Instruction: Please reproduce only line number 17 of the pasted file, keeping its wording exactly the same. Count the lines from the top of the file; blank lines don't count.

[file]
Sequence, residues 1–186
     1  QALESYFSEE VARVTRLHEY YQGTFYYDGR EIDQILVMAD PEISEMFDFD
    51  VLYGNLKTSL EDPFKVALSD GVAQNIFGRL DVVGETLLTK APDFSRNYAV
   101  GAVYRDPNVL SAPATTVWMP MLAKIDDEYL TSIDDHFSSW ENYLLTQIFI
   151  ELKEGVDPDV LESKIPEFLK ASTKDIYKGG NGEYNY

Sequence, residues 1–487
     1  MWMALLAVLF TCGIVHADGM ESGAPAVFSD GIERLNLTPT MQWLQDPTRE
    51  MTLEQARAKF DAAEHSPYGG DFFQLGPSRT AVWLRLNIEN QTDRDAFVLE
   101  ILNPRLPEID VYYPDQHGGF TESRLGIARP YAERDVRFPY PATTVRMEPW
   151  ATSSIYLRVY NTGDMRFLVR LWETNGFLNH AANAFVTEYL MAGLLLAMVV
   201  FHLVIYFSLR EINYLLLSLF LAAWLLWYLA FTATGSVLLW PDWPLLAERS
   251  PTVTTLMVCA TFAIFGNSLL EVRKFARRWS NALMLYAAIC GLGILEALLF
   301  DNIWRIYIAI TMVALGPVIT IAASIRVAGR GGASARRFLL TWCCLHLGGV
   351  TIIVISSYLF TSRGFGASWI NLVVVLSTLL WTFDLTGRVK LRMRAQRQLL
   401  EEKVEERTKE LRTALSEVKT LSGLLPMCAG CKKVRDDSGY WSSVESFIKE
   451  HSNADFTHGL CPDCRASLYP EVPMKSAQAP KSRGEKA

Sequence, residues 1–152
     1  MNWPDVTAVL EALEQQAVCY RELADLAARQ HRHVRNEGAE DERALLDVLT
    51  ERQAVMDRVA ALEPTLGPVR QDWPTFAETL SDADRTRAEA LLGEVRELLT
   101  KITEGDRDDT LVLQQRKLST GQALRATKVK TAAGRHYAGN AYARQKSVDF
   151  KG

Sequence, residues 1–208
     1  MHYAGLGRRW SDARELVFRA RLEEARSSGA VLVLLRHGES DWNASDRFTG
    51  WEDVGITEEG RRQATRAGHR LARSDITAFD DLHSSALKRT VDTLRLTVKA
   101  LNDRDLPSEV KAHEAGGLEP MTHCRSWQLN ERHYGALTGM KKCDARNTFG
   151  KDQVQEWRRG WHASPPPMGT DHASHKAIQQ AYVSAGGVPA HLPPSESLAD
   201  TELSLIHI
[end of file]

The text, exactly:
Sequence, residues 1–152